GNU Astronomy Utilities


Next: , Previous: , Up: Gnuastro library   [Contents][Index]


11.3.21 Matching (match.h)

Matching is often necessary when two measurements of the same points have been done using different instruments (or hardware), different software or different configurations of the same software. In other words, you have two catalogs or tables and each has N columns containing the N-dimensional “positional” values of each point. Each can have other columns too, for example one can have brightness measurements in one filter, and another can have brightness measurements in another filter as well as morphology measurements or etc.

The matching functions here will use the positional columns to find the permutation necessary to apply to both tables. This will enable you to match by the positions, then apply the permutation to the brightness or morphology columns in the example above. The input and output data formats of the functions below are the some and described below before the actual functions. Each function also has extra arguments due to the particular algorithm it uses for the matching.

The two inputs of the functions (coord1 and coord2) must be List of gal_data_t. Each gal_data_t node in coord1 or coord2 should be a single dimensional dataset (column in a table) and all the nodes must have the same number of elements (rows). In other words, each column can be visualized as having the coordinates of each point in its respective dimension. The dimensions of the coordinates is determined by the number of gal_data_t nodes in the two input lists (which must be equal). The number of rows (or the number of elements in each gal_data_t) in the columns of coord1 and coord2 can be different. All these functions will all be satisfied if you use gal_table_read to read the two coordinate columns, see Table input output (table.h).

The functions below return a simply-linked list of three 1D datasets (see List of gal_data_t), let’s call the returned dataset ret. The first two (ret and ret->next) are permutations. In other words, the array elements of both have a type of size_t, see Permutations (permutation.h). The third node (ret->next->next) is the calculated distance for that match and its array has a type of double. The number of matches will be put in the space pointed by the nummatched argument. If there wasn’t any match, this function will return NULL.

The two permutations can be applied to the rows of the two inputs: the first one (ret) should be applied to the rows of the table containing coord1 and the second one (ret->next) to the table containing coord2. After applying the returned permutations to the inputs, the top nummatched elements of both will match with each other. The ordering of the rest of the elements is undefined (depends on the matching funciton used). The third node is the distances between the respective match (which may be elliptical distance, see discussion of “aperture” below).

The functions will not simply return the nearest neighbor as a match. The nearest neighbor may be too far to be a meaningful. They will check the distance between the distance of the nearest neighbor of each point and only return a match for it it is within an acceptable N-dimensional distance (or “aperture”). The matching aperture is defined by the aperture array that is an input argument to the functions. If several points of one catalog lie within this aperture of a point in the other, the nearest is defined as the match. In a 2D situation (where the input lists have two nodes), for the most generic case, it must have three elements: the major axis length, axis ratio and position angle (see Defining an ellipse and ellipsoid). If aperture[1]==1, the aperture will be a circle of radius aperture[0] and the third value won’t be used. When the aperture is an ellipse, distances between the points are also calculated in the respective elliptical distances (\(r_{el}\) in Defining an ellipse and ellipsoid).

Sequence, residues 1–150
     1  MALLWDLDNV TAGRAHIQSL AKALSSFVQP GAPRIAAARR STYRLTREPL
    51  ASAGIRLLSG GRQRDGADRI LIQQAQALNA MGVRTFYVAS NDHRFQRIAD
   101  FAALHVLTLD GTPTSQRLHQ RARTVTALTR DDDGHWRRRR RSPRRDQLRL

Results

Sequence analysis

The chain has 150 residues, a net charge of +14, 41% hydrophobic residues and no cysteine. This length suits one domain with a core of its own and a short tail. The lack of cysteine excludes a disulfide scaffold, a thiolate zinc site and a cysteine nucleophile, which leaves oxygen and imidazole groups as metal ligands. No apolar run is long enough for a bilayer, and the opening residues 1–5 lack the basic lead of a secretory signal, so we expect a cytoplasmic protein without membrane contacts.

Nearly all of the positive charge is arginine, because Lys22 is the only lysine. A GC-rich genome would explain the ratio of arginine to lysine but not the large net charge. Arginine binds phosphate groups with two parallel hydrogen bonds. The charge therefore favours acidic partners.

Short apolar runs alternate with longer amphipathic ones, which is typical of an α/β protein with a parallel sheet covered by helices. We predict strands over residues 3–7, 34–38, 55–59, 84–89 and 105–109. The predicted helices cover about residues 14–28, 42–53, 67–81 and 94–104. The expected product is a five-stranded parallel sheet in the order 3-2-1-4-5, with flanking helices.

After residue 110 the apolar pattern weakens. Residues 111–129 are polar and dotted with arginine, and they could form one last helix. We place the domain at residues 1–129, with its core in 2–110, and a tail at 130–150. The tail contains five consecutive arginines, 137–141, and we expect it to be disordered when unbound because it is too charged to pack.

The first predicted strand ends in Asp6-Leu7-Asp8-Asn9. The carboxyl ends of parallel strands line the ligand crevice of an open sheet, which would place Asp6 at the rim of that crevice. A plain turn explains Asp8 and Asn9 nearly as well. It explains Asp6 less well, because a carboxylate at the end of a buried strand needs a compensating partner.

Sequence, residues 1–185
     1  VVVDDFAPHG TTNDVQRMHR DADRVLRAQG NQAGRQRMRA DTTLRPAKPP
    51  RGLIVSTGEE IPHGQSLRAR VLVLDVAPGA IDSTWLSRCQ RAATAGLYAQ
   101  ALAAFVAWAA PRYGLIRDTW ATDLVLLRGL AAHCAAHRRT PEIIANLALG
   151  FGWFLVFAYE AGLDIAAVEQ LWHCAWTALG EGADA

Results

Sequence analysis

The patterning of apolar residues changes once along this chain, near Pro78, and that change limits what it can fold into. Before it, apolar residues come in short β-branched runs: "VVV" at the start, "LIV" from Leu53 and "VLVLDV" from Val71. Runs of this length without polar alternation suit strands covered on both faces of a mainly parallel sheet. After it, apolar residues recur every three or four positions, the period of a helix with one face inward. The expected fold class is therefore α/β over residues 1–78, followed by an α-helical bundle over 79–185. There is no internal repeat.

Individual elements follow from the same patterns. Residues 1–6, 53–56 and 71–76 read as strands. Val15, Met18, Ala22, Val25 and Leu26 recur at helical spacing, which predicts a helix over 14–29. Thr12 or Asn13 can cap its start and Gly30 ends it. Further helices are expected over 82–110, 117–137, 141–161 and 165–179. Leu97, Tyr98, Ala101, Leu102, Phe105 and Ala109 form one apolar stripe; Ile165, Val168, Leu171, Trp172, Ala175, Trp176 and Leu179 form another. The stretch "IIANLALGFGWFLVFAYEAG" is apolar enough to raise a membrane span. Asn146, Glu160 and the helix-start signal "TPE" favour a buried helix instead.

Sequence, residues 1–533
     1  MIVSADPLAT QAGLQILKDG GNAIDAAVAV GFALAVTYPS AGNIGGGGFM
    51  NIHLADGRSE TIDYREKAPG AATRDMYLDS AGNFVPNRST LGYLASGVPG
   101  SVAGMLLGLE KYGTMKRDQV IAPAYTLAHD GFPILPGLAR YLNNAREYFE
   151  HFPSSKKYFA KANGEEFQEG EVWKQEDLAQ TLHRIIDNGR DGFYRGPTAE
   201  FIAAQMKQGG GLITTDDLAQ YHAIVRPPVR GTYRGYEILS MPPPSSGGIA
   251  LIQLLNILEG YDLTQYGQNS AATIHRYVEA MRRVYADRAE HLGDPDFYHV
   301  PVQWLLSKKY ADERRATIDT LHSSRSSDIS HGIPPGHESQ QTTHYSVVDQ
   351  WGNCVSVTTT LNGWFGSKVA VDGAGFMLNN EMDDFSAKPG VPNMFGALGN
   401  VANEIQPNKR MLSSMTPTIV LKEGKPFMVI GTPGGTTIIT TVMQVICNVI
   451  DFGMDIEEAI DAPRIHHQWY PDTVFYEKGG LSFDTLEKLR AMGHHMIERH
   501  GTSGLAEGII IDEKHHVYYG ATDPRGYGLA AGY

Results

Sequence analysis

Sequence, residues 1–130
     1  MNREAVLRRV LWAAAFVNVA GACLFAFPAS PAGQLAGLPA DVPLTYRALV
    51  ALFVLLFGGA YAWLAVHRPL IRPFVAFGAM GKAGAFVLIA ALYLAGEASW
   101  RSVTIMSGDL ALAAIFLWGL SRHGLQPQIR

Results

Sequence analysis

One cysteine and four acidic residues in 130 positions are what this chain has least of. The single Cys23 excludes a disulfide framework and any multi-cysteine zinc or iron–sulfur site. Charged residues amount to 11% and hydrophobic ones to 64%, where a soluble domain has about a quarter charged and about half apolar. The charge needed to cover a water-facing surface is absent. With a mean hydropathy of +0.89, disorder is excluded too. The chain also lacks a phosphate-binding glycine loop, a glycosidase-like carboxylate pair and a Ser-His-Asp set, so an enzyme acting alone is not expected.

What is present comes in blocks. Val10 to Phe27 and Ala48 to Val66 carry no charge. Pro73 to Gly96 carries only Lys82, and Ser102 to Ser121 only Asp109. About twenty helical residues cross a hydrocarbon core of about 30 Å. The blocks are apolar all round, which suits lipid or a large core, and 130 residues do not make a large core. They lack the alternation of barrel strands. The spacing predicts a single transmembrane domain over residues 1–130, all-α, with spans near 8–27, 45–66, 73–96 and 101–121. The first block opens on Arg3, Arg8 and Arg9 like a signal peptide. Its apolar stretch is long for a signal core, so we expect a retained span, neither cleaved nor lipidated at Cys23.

Function:
gal_data_t *
gal_match_coordinates (gal_data_t *coord1, gal_data_t *coord2, double *aperture, int sorted_by_first, int inplace, size_t minmapsize, int quietmmap, size_t *nummatched)

Use a basic sort-based match to find the matching points of two input coordinates. See the descriptions above on the format of the inputs and outputs. To speed up the search, this function will sort the input coordinates by their first column (first axis). If both are already sorted by their first column, you can avoid the sorting step by giving a non-zero value to sorted_by_first.

When sorting is necessary and inplace is non-zero, the actual input columns will be sorted. Otherwise, an internal copy of the inputs will be made, used (sorted) and later freed before returning. Therefore, when inplace==0, inputs will remain untouched, but this function will take more time and memory. If internal allocation is necessary and the space is larger than minmapsize, the space will be not allocated in the RAM, but in a file, see description of --minmapsize and --quietmmap in Processing options.

Output permutations ignore internal sorting: the output permutations will correspond to the initial inputs. Therefore, even when inplace!=0 (and this function re-arranges the inputs in place), the output permutation will correspond to original (possibly non-sorted) inputs.

The reason for this is that you rarely want to permute the actual positional columns after the match. Usually, you also have other columns (for example the brightness, morphology and etc) and you want to find how they differ between the objects that match. Once you have the permutations, they can be applied to those other columns (see Permutations (permutation.h)) and the higher-level processing can continue. So if you don’t need the coordinate columns for the rest of your analysis, it is better to set inplace=1.


Next: , Previous: , Up: Gnuastro library   [Contents][Index]